I’m with ya, Roossy (re: last sentence)
Okie…. I was curious too!…
Saw it in the store and bought a can…
Someone actually likes that stuff?…
Different strokes I guess.
I froze it, trying to figure out what to do with it besides throwing it away. Maybe puree it with some of my own and dip fritos in it.
Maybe use it in FRITO PIE![}:)] Yeah yeah… thats what I’ll do.
Taste just like any canned chili to me.
(Got the one with beans)—
Yes… I do chili with beans!
So Bob, you are involved with the radio show?
Now I am not sure we figured out who that "how long" wolf guy was? Anyone know?
Thankyou Joe. Am utterly uninterested in finding out who he is/was, just relating a spontaneous childhood memory. Really, only interested in "Road Food" in general for Jane and Michael Stern’s colorful segment of The Splendid Table radio show. Bon app�tit!
You can certainly buy Wolf chili here in Tampa. I have seen it in several locations.
Wolf chili is the only canned chili that my wife will eat and only if it has beans.
I love that chorizo! I don’t care what they put in it.
I will be interesting to see who’s can of wolf says "heart" and who,s does not. Like OKC said, it could be a state reg thing? I would like to know. Not sure why??? :~)
I am trying to help someone who moved from Texas find a store that sells Wolf in Atlanta. Anyone know?
[:D]I’ll have to check the label next time I’m in H.E.B. buying groceries to see what’s in it. The beef heart doesn’t surprise me. On the labels of chorizio sausage at the store,they list lymph nodes,and pork and other stuff.
You can find it here all over the place in Texas.
And yes,the guy who started it did have a couple of wolves,and that’s how it got it’s name.
one things for sure….ain’t nobody dying from eatin wolf brand chili
or hot dogs. It may not sound good, but them organ meats won’t kill
ya. It’s kind of a thing where our society has gotten to the point
where you don’t have to grow up eating fried chicken livers and such
(like I did), so now, people cringe at that sort of thing.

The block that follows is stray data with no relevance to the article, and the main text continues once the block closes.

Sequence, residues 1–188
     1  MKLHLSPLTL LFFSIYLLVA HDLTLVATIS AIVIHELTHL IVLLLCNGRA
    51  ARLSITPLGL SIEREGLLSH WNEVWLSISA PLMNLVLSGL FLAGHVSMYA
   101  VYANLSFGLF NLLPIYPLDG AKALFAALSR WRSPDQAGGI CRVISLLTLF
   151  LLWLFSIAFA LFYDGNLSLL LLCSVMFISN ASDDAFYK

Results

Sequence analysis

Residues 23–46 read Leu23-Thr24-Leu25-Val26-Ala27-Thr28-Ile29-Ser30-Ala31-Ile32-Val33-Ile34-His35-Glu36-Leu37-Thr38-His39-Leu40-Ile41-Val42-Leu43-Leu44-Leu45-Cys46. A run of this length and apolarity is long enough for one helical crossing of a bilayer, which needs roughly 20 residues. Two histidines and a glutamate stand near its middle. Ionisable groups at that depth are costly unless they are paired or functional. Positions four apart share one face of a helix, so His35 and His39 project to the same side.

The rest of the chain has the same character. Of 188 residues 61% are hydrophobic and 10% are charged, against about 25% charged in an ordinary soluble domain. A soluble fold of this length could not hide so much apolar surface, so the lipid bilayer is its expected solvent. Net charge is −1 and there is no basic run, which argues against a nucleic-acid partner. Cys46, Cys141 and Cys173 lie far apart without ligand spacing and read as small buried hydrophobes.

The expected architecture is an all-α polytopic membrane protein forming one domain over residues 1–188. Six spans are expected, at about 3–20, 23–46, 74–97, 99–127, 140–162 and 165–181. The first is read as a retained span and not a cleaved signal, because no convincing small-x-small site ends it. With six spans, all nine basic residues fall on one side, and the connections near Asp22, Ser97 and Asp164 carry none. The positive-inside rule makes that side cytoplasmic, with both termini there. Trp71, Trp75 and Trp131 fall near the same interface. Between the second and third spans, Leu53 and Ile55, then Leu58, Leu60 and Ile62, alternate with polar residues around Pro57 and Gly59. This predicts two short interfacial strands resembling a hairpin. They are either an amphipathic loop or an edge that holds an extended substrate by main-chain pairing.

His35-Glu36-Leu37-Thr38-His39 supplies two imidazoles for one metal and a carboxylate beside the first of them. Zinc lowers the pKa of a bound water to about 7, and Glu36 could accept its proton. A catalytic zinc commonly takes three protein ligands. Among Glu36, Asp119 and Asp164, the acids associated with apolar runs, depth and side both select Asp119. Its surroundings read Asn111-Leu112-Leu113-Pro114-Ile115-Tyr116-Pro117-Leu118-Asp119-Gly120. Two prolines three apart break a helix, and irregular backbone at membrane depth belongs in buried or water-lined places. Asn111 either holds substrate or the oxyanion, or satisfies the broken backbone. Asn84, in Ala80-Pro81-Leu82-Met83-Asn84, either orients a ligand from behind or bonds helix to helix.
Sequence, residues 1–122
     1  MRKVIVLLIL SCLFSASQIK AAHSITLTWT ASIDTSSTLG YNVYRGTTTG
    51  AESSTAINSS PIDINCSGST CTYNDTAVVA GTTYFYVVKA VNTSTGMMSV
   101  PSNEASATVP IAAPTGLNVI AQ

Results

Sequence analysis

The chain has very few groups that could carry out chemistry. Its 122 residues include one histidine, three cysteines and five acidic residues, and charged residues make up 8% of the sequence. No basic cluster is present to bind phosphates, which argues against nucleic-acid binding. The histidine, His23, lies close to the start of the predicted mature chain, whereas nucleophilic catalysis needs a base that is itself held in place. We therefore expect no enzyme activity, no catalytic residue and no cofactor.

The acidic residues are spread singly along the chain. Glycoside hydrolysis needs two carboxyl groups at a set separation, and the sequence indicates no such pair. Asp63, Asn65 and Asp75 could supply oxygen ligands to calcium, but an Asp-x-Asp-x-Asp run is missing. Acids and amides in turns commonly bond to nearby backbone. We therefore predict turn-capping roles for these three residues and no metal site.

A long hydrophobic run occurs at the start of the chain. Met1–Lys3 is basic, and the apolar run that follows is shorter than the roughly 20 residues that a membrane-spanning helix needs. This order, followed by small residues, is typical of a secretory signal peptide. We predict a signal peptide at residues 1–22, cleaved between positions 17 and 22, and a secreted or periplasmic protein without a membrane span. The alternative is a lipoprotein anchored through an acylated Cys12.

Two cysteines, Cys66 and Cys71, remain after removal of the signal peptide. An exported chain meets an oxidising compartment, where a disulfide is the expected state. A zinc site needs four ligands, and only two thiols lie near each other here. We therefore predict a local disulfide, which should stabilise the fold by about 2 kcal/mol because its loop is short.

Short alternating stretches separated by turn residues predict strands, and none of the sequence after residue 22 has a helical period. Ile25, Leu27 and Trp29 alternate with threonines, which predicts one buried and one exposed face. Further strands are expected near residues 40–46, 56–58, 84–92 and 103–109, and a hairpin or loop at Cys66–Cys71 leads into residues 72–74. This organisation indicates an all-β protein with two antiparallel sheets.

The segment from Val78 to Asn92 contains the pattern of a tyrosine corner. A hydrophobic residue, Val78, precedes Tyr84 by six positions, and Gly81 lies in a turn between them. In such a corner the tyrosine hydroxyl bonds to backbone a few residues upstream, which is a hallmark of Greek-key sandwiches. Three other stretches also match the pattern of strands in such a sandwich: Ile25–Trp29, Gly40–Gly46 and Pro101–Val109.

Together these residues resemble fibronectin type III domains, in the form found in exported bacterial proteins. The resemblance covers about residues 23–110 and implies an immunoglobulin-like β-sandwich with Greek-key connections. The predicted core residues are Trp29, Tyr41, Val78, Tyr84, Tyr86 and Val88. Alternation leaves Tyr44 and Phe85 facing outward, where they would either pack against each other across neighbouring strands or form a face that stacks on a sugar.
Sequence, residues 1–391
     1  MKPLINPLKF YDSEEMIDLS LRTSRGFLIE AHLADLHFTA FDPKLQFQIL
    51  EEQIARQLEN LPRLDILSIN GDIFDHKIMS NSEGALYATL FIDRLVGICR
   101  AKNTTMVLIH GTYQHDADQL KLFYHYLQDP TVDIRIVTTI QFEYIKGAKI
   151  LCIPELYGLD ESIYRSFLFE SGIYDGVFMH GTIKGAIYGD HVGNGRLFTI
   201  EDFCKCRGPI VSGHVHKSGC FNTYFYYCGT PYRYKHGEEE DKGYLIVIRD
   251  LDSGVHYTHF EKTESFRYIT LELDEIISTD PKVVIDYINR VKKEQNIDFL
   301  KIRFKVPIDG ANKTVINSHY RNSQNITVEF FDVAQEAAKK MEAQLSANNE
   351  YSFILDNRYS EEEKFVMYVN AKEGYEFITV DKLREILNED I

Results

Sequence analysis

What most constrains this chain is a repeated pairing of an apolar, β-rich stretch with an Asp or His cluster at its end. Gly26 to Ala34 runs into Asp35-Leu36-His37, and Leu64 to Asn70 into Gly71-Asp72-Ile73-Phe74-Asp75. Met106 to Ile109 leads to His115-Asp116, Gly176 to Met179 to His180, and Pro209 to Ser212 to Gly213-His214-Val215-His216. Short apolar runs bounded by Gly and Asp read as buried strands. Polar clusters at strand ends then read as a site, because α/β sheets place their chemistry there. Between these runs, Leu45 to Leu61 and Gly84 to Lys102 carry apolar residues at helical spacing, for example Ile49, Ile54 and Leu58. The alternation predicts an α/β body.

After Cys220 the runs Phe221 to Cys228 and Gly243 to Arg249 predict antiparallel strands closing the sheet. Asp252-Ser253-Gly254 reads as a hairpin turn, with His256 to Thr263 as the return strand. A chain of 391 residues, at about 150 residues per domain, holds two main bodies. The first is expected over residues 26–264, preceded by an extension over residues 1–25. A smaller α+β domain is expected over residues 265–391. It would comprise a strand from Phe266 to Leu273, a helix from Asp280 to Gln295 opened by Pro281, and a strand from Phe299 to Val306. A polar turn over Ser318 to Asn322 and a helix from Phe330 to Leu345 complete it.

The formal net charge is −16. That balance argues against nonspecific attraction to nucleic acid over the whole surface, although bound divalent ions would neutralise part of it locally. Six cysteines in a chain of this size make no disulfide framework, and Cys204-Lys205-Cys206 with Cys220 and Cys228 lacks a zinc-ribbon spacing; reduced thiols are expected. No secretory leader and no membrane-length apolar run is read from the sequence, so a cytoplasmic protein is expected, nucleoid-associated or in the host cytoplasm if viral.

Born in OKC
You raise an interesting question, different rules in different states, though I’ve not heard of that before and wonder if the (Federal) Interstate Commerce legislation might prevent it. I don’t have a can of Wolfe Brand currently but will look next time I see one. And, it is even possible that the rules, if any, have changed, because I checked the can (which might have been months old at the time) several years ago after this thread first started.
Whether or not there is such a rule I personally don’t think that is the least attractive thing – at least at first glance – I’ve seen on packaged meats. I’d say that title goes to the "pork saliviary glands" I’ve seen on packages of Mexican style chorizo in Texas.
Maybe more than most folks I can rationalize eating anything that tastes good by thinking I’we probably eaten it in hoot dogs with no particular lable.
And the old butcher’s observation that heart adds good red color to ground beef was interesting. I’ve never heard that before.
Lee, I think so? Just weird that OKC’s can says "heart" and mine does not.
Isn’t anything coming from a slaughtered cow,beef,technically?
Weird OKC, no mention of beef hart on my can of Wolf. It just says beef. Could there be different regulations, for labeling, in other states? I livened up a thread about frito pie at the new Dallas history site and the subject of Wolf Brand came up.
Mark in Ohio
Beef hearts are traditionally used by meatcutters on the retail level to give the ground beef a "good red" color, I used to work at an IGA store and the meatcutter there was making disparaging comments about a competing supermarket in town saying that a wholesaler had mentioned his competitor was ordering inordinately large amounts of beef heart on a regular basis.
I took that to mean that it was an acceptable practice in most meat departments to grind in some beef heart to give the ground beef the hue the customer wanted to see to know the meat was "fresh looking", but to grind in a very high percentage of the cheaper beef heart was pushing the 100% ground beef claim a little too far.
Born in OKC
With reference to eating beef hearts, there is (as I sure many of you know) a great Peruvian dish made from thin sliced or cubed marianated grilled beef hearts, antichukos I think is close to the name.
Thus thread has been going on for several years and it was here that a post about beef hearts made me look at the ingredient list on a can of Wolf Brand on the shelf. Sure ’nuff, beef hearts.
So far as using beef hearts in chili is concerned, Tolbert (as is often the case) has relevant information, IMO. In Bowl of Red, I believe you will find someone quoted as saying that the beef for chili should come from a tough old brush popping steer "of some character." Filet is not a good meat for chili – it tends to break down into mush. Muscle meat like heart stands up to long cooking. I suspect that the use of heart in a canned product is both an economic and recipe decision with the interest of a little more texture than might otherwise be the case. Certainly the pieces of meat in any canned chili I’ve tried were well cooked and not tough.
In the interest of full disclosure I suppose I must say that heart is high in cholesterol, but that is what we have Lipitor for. In the past, I’ve brought Wolf Brand from Texas to Georgia where I live today in the interest of having a better quick bowl of chili.
Daveyo, the guy who invented Wolf had caged wolves, as an attraction, when he sold his chili from a truck. Interesting history if you want to do the research. Oh, I think most of it is right here at Roadfood. :~)
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